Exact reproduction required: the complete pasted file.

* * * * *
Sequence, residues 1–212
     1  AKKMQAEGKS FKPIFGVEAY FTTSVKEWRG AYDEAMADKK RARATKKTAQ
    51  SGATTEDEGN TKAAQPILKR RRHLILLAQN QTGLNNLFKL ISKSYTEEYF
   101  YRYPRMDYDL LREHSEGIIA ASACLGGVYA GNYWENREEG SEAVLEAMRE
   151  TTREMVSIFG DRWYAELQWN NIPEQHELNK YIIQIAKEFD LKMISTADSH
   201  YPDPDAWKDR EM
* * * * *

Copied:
Sequence, residues 1–212
     1  AKKMQAEGKS FKPIFGVEAY FTTSVKEWRG AYDEAMADKK RARATKKTAQ
    51  SGATTEDEGN TKAAQPILKR RRHLILLAQN QTGLNNLFKL ISKSYTEEYF
   101  YRYPRMDYDL LREHSEGIIA ASACLGGVYA GNYWENREEG SEAVLEAMRE
   151  TTREMVSIFG DRWYAELQWN NIPEQHELNK YIIQIAKEFD LKMISTADSH
   201  YPDPDAWKDR EM